Friday, January 2, 2009

Technology/blawging, Fave #3

This is Salko, who works at the parking lot across the street from my building. His does not look like a very pleasant job to me. He spends all day in a room as big as two phone booths. But Salko is always very pleasant and professional. His lot is always immaculate. When it snows, like it did last night again, he gets here early and clears the stripes so it is easy to park.

In the morning sometimes I sit in my car and finish phone conversations. Once while I was talking to my brother, an unknown number came up and I answered it. It was Salko. "You left your lights on." He had looked up my number from my monthly pass application.

Salko reminds me of something my dad used to tell me, that a man who does his job well can look anyone in the eye.

I was driving into work this morning and wondering whether I would continue blawging this year. It's time consuming and difficult. There are times where it makes me feel more connected, sometimes less. So I started making a list in my head, What do I like about maintaining this blawg?

What do I like about maintaining this blawg?

1. I like sharing stuff, telling stories, connecting with people.

2. It is an interesting discipline having your words read by many people, people in my industry, strangers, family members, close friends. Creates competing urges to be honest, to be open, to be vulnerable, to be protective, to try to appear likeable or smart or funny. A good exercise in developing your authentic voice.

3. Self discovery. For me, I think out loud, and often don't know what I believe until I say it, or blawg it. As my dad used to say when he read something from his own journaling practice that caught him off guard, I didn't know I thought that.

4. Great way to document and encourage this incubation period of my life.

5. Great way for President-elect Obama and his team to see what I am about. I notice I am getting lots of visits from Illinois. Great.

But, blawging doesn't always feel good. Sometimes it feels isolating? Maybe because, despite the connections, it is still screentime, as Jacques called it.

Jacques, the street artist I mentioned in my last post, eventually moved into my apartment with me in Amsterdam, sometime in 1995. In Joseph Campbell terms, Jacques played the archetypal role of the helper, like Yoda, one who gives us courage and guidance on our quest. He also reminds me of the troll, beckoning me across the bridge and into the dark woods.

Before I met Jacques I loved all things technology-related. I was a member of the computer club in high school, an audiophile, an owner of the first generation Apple Macintosh. I was the first art director at Wieden+Kennedy to have his own computer! What could be bad about technology?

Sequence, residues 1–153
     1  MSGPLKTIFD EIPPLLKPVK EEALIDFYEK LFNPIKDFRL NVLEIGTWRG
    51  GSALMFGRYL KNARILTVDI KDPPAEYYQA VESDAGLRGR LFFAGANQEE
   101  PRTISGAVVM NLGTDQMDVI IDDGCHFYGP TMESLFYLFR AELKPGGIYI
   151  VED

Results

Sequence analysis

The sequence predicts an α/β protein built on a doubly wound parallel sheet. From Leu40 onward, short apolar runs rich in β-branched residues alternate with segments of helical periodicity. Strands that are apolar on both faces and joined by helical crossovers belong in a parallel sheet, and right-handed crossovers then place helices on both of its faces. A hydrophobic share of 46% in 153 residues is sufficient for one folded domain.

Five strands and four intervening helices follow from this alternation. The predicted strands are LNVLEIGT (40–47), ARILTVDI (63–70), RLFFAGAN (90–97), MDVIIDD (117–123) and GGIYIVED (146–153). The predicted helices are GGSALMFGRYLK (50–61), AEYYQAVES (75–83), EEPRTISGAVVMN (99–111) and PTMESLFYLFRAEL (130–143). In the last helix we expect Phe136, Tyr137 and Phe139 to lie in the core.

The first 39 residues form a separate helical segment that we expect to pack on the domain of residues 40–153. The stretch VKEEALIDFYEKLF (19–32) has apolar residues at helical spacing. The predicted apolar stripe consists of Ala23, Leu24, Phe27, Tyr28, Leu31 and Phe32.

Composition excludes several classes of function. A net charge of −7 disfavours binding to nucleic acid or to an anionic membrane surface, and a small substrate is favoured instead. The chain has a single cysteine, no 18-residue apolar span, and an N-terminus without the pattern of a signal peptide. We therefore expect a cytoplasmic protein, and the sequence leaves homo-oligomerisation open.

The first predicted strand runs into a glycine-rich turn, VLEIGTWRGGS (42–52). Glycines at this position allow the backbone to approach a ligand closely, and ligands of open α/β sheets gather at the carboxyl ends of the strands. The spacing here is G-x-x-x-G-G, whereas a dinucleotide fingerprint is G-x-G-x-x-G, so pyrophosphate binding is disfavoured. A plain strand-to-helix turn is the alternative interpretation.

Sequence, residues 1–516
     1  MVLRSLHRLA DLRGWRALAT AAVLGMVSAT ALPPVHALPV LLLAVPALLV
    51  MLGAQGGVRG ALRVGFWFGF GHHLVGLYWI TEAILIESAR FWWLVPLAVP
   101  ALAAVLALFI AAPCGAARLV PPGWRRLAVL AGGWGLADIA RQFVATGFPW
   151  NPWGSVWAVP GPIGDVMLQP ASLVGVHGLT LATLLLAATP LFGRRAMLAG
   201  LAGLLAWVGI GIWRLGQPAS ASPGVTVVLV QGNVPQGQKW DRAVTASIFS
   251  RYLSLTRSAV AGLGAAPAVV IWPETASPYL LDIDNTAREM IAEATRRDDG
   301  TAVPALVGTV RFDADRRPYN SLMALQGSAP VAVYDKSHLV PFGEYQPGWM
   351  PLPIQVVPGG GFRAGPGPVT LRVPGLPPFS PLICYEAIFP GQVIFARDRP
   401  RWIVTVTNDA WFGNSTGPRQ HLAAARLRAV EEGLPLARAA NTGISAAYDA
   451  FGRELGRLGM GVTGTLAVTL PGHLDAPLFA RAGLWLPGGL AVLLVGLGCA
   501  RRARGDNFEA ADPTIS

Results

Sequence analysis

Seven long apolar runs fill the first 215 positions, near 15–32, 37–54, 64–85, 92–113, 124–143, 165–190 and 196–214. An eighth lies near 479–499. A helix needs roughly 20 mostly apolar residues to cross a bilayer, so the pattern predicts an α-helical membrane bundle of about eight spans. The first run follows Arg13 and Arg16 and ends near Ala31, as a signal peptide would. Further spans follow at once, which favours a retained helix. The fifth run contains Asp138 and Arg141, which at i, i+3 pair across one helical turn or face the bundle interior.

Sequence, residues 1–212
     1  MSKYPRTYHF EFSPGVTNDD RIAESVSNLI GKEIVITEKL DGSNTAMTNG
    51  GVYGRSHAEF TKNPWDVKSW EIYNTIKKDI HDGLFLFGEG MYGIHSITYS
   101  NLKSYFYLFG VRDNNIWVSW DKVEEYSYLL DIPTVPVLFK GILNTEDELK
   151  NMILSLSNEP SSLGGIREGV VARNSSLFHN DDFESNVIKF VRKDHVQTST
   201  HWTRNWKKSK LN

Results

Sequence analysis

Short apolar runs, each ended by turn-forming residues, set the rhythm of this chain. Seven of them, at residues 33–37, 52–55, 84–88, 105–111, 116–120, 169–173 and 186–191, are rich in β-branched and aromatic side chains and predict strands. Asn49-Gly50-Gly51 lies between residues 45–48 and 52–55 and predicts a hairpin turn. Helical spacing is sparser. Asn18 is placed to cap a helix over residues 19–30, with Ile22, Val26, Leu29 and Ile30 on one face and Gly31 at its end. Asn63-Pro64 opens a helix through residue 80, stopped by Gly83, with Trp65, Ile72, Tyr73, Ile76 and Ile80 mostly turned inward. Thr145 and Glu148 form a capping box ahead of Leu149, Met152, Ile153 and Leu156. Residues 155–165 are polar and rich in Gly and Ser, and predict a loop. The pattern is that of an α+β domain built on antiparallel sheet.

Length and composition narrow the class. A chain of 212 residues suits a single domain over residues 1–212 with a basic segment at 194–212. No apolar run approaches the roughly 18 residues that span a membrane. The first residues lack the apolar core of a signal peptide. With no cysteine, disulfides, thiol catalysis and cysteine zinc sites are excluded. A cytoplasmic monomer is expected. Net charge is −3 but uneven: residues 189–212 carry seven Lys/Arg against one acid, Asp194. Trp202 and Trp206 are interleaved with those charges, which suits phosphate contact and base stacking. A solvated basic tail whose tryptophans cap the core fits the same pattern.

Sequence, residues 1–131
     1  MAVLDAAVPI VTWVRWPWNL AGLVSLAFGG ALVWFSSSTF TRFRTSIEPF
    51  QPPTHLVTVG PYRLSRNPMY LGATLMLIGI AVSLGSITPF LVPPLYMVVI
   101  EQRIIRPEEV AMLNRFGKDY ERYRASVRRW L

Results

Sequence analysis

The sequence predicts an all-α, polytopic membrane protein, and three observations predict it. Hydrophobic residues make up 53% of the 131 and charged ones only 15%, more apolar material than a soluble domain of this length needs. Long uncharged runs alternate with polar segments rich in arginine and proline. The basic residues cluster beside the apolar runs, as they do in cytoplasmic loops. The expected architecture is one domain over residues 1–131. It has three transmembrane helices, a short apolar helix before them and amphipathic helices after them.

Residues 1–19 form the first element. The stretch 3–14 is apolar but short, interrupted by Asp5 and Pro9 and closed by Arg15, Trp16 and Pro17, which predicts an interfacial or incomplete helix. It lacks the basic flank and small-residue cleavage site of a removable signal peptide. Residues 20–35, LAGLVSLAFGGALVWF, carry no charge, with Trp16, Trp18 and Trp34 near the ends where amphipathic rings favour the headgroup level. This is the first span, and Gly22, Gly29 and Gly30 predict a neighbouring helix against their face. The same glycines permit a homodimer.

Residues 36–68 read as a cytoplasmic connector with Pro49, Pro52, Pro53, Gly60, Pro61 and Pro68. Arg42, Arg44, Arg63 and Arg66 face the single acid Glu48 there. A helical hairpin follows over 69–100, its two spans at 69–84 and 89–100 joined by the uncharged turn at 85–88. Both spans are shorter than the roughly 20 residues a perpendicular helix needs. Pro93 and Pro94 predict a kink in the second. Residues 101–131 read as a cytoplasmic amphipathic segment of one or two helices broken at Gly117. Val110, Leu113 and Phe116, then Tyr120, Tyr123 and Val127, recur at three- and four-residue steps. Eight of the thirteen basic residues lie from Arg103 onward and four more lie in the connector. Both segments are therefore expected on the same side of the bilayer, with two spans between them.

Jacques's technological world view was just to the left - or is that right? - of the Unabomber. Jacques avoided any activity that involved looking at, or talking about, things happening on a screen: television, movies, iphones, ipods, certainly computers. To Jacques, screentime was second-hand experience, as opposed to the first-hand experience of non-screentime, also known as "life," and was therefore inferior in quality.

Jacques started me with Technopoly, by Neil Postman, one of the most clear-headed but radical assessments of the pros and cons of technology you'll ever read. He eventually got me on the hard stuff, Jacques Ellul's nearly impenetrable but dark and brilliant Technological Society, and this book, my Fave #3.

Jacques pulled out a dog-eared copy from his satchel one night and held it towards me with a troll-like warning: "Don't read this book if you don't want to change your life." He wasn't kidding!

Jerry Mander was partner of legendary San Francisco adman Howard Gossage in the firm Freeman, Mander & Gossage in the '60s. He quit to start Public Media Center, a non-profit ad agency devoted to the public interest, and to write. This book performed some major career chiropractic for me and expanded my world view forever, shaping the complex relationship I have with technology.

The summary of all the books mentioned above: Technology threatens our humanity.

Sure. It all gets a little too digital. A reader blawg comment, no matter how personal, is a qualitatively different sort of connection than the real world - if mundane - connection I experienced this morning purchasing a parking pass from Salko. It's just more deeply felt.

But then, while writing this post, I go back and look at that reader comment, and I see that it is written by Dion Hughes, and I wonder, Is that the same Dion Hughes who did all that work I loved at Chiat and Fallon back when? And I check and yes, it is, and I go to his site, and I read how he is structuring his new company, and it's exciting, it sounds like exactly what I am going to do next, and it confirms for me the new model emerging in my business: small, talented groups of people, collaborating, self-organizing, open-minded as to what the solution looks like. And it inspires me.

And then you read this blawg, person working for Obama, or Google, or Peet's, or Starbucks, or some other cool company making the world better and more interesting, and you think, this guy sounds interesting, I think I'd like to meet him, and I fly out and meet you, and we hit it off and have a great meal at a cool little restaurant and it turns out you know my sister! No way! And we create brilliant things together. Incredible.

Screentime connection might not have the smell or touch or humanity or ultimate depth of non-screentime connection, but it has a velocity and expansiveness and serendipity built in that gives it a lot of power and surprise. For me, mindfully combining both screen and non-screen connections in my life gives me the most juice.